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Thanks for the suggestions and especially alternatives to Dynamat.
Actually, I was a little surprised to find some kind of sound deadening on the floor panels when working on the Berlina today. For the most part, it tightly adhereing to the floor panels and inner firewall. I had to heat some areas up and scrapebit off as I have a few holes to repair.
I haven't looked at the door panels yet, but will be adding sound deadening to rear seat area and trunk. Probably wheel wells need it also.
Some dry ice in a plastic shopping bag (if you have any left) left on the floor insulation makes it really easy to chip off with a paint scraper. No mess or solvent fumes, leaves the primer in place too
 

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I have actually tested a few forms of Bituthene that I use regularly for housing on my project Alfa and none have done very well. Problem is, they don't maintain adhesion with temperature extremes. There was one of the home application companies that branched into auto sound deadening and abruptly left the market. So while it seems like a great idea and the savings is attractive, I wouldn't gamble unless you are prepared to remove interior stuff. When it's all said and done, the dynamat will be a fraction of the complete restoration.
I use this stuff on my roof to seal mod-but roofing seams. It looks to me to be very like Dynamat only it sells for a whole lot less. If it will successfully stick to roofing material and survive the elements, I'd suspect that it would work well as sound deadening in an Alfa. Full disclosure: when I mentioned this to some of my Alfa buddies I was shouted into silence. The big bullies insisted that Dynamat had to be better because . . . well, it's Dynamat, it costs more and the company says it's designed for cars. Yeah right. Your experience may differ . . .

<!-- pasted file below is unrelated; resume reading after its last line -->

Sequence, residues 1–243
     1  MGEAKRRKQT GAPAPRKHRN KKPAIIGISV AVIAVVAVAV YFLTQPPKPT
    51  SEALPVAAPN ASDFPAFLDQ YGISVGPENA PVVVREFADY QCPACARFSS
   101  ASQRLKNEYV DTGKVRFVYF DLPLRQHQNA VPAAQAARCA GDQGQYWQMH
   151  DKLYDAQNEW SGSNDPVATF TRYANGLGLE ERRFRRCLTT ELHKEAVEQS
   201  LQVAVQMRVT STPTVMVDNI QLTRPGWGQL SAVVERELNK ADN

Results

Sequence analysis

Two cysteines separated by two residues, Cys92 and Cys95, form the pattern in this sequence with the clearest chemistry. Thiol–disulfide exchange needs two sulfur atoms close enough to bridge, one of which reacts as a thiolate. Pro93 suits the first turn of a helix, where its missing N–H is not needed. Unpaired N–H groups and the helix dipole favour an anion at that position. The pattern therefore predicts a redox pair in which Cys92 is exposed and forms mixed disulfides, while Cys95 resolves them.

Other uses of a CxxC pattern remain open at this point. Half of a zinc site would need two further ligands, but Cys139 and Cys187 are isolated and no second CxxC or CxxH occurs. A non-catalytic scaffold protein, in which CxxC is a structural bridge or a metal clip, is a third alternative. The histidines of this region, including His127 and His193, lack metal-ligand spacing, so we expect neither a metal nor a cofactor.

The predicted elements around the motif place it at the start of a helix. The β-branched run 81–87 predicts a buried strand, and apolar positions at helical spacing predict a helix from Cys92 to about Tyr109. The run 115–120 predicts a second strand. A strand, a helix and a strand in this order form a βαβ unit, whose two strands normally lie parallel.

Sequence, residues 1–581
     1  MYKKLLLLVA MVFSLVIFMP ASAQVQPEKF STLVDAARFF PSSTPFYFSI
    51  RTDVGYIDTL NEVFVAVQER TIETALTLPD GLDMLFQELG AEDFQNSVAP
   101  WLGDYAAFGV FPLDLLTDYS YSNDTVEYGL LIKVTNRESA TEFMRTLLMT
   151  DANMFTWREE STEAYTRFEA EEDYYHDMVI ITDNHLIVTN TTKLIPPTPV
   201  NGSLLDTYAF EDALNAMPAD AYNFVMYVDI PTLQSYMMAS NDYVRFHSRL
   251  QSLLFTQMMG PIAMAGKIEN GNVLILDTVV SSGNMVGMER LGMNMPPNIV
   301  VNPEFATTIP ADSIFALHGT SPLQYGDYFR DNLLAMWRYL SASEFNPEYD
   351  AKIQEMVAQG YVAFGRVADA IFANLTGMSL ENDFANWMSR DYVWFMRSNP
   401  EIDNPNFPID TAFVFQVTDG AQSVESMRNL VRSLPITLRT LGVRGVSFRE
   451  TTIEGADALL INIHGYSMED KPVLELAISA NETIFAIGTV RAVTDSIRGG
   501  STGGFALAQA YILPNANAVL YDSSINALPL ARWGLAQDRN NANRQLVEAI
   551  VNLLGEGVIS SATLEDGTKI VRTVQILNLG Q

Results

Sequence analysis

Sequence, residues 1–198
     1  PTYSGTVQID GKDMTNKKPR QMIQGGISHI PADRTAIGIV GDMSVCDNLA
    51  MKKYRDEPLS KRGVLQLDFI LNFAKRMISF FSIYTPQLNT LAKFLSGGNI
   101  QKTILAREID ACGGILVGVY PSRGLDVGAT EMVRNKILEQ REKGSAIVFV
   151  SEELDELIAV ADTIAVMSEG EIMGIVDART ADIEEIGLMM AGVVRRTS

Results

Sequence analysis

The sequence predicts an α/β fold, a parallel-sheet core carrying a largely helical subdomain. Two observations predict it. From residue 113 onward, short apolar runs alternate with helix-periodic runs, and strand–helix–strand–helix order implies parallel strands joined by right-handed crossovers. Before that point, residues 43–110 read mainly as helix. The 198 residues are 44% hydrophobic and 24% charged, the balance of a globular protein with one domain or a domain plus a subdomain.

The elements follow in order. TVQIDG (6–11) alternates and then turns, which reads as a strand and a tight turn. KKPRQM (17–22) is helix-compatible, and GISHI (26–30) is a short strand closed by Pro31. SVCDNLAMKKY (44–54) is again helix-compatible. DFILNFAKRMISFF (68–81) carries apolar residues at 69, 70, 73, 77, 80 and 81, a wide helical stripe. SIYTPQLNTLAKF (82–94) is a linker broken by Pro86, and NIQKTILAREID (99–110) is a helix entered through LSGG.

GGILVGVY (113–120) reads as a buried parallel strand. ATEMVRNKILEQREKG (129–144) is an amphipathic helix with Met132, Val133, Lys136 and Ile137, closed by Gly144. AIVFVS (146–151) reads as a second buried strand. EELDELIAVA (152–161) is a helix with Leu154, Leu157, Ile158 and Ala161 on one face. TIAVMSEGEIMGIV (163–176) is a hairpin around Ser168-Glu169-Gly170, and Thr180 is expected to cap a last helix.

https://www.lowes.com/pd/Peel-Seal-Instant-Waterproof-Repairs-6-in-x-25-ft-Aluminum-Roll-Flashing/1018733
 

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I have actually tested a few forms of Bituthene that I use regularly for housing on my project Alfa and none have done very well. Problem is, they don't maintain adhesion with temperature extremes.
I experienced a similar problem, although I was working on a roof rather than an Alfa. I discovered that there are different grades of the "seam-tape". Some are only intended for use underneath more impervious roofing and siding materials. These usually caution that they are not to be left uncovered or they will delaminate, lose adhesiveness, etc. The Peel and Seal product (there are a couple of others) has a lifetime guarantee and, the company claims, can be exposed to elements indefinitely. What's frustrating about these products is that you really have to investigate to find out this kind of information. Sometimes, it's only published on the companies website and not on the product at all. The pro roofers I've talked to suggest that the tape be used with a compatible primer which may encourage adhesion. I haven't tried it long-term but I can say it's definitely sticky stuff and, once applied, is the very devil to remove.
 

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....Actually, I was a little surprised to find some kind of sound deadening on the floor panels when working on the Berlina today. For the most part, it tightly adhereing to the floor panels and inner firewall. I had to heat some areas up and scrapebit off as I have a few holes to repair...

Don't forget....the OE material contains asbestos as well....Bitumen rubber & asbestos!.....wear a well sealed mask...not those little paper filters that are no better than a handkerchieh. As for removal.....I did mine during the winter months (didn't heat the garage at the time) and when exposed to below freezing temps....this material was very brittle and I was easily able to remove almost all of it with a chiseling action but using thick strong paint scraper (in place of a chisel).